Wells Fargo will pay $148.2 million to settle federal and state charges that it rigged dozens of bidding competitions to win business from cities and counties.
The U.S. Department of Justice, along with the federal and state regulators, had been investigating the actions of employees at Charlotte, N.C.-based Wachovia Bank, which Wells Fargo & Co. acquired in 2008.
The Securities and Exchange Commission said Wachovia generated millions of dollars in illicit gains during an eight-year period when it fraudulently rigged at least 58 municipal bond transactions in 25 states and Puerto Rico.
"Wachovia won bids by playing an elaborate game of `you scratch my back and I'll scratch yours,' rather than engaging in legitimate competition to win municipalities' business," said Robert Khuzami, Director of the SEC's Division of Enforcement.
Banks help states and municipalities raise money for projects like building roads and schools by selling bonds to investors. Portions of those proceeds may not be spent immediately, and banks will help the municipalities invest those funds until they're needed. The SEC said the banks rigged the bidding process for some of those investments, forcing the municipalities to pay prices for securities that were above fair market value.
The SEC said Wachovia won some bids through a practice known as "last looks," in which it obtained information from agents about competing bids. It also won bids through "set-ups," in which the bidding agent deliberately obtained non-winning bids from other providers in order to rig the field in Wachovia's favor.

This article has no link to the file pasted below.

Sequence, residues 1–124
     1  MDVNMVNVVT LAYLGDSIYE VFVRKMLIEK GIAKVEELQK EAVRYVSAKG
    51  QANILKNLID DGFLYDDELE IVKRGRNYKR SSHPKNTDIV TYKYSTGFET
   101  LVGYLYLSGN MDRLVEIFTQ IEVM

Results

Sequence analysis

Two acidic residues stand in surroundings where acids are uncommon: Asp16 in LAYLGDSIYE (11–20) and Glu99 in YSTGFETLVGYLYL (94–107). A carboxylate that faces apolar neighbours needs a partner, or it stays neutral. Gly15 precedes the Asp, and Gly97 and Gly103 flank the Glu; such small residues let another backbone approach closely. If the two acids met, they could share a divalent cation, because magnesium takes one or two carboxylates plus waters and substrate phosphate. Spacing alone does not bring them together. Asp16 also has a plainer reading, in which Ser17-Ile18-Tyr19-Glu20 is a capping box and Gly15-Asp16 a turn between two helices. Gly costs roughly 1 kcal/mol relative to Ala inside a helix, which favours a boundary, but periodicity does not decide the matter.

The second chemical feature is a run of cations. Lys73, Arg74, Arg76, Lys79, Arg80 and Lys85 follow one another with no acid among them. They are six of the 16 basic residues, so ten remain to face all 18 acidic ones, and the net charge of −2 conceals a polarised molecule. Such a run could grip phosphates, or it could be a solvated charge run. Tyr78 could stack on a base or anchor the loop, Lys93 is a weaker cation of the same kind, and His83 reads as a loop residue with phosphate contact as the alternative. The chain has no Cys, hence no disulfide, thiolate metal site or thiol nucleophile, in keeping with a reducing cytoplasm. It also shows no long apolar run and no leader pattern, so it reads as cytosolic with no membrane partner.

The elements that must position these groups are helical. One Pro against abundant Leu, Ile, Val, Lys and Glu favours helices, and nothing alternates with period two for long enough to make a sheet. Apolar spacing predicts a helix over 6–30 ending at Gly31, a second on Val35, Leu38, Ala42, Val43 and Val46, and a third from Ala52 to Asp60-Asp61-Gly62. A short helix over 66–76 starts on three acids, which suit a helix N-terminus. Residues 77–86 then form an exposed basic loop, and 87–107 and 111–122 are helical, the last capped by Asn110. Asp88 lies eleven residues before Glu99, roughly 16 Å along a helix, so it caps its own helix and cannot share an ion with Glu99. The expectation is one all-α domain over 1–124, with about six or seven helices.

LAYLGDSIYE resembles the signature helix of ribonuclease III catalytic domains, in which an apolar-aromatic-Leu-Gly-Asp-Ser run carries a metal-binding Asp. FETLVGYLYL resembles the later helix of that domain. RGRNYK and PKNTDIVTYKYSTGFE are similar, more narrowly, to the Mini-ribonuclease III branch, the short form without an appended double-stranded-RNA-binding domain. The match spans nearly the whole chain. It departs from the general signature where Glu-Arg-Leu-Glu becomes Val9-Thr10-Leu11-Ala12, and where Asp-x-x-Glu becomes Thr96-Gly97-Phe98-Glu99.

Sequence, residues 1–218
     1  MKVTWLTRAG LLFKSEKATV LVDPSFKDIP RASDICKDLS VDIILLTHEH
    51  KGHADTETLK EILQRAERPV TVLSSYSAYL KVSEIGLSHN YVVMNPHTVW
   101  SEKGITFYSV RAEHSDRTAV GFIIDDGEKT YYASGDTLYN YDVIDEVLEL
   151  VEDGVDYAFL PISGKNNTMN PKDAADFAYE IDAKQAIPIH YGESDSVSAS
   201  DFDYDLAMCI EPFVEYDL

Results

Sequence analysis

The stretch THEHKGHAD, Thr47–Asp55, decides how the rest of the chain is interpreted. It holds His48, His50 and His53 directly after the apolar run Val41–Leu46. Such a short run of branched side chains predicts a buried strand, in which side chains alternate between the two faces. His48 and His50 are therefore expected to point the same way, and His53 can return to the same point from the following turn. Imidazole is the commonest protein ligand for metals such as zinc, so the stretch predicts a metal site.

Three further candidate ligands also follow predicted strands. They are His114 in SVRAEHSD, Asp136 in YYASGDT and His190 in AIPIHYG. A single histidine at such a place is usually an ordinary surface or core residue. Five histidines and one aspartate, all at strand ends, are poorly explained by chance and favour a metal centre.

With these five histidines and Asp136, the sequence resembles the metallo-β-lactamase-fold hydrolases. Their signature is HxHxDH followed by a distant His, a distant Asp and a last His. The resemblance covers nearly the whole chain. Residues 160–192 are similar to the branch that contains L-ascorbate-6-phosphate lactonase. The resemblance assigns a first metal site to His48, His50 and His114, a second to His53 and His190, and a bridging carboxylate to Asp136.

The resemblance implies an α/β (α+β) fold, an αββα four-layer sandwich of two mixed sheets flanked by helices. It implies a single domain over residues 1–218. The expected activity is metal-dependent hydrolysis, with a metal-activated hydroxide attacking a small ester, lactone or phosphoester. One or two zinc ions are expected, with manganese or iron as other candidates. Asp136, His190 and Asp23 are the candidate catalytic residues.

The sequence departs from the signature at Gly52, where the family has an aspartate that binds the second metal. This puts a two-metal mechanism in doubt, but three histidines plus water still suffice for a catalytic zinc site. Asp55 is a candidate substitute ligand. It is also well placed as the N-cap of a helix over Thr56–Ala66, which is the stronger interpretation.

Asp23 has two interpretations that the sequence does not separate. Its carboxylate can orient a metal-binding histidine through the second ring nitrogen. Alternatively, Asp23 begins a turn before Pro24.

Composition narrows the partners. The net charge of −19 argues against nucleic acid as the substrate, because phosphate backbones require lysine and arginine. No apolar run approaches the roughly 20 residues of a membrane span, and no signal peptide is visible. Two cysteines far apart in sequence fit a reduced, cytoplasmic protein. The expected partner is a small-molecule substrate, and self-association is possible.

As part of the settlement, Wells Fargo will pay the Securities and Exchange $46.1 million; the Office of the Comptroller of the Currency will be paid $34.5 million; the Internal Revenue Service gets $8.9 million; and a group of state Attorneys General will be paid $58.75 million.
Wells Fargo settled a separate civil case in federal court in New York last month over similar allegations. The bank paid $37 million to settle that case, which had been brought by several states.
The San Francisco bank said in a statement that it was pleased to have resolved the matter. It noted that the transactions in the case had been done by employees who are no longer with the company. Wells Fargo said the payments wouldn't have an adverse effect on its financial results. Wells Fargo has $1.3 trillion in assets.
Wells is not the only bank to settle similar fraud charges brought by federal and state authorities over rigging municipal bond bidding.
In July, a unit of JPMorgan Chase agreed to pay $228 million to settle civil fraud charges that it rigged dozens of bidding competitions to win business from cities and counties. Bank of America agreed in December to pay $137 million. UBS agreed in May to pay $160 million.
Business Writer David Pitt contributed to this story.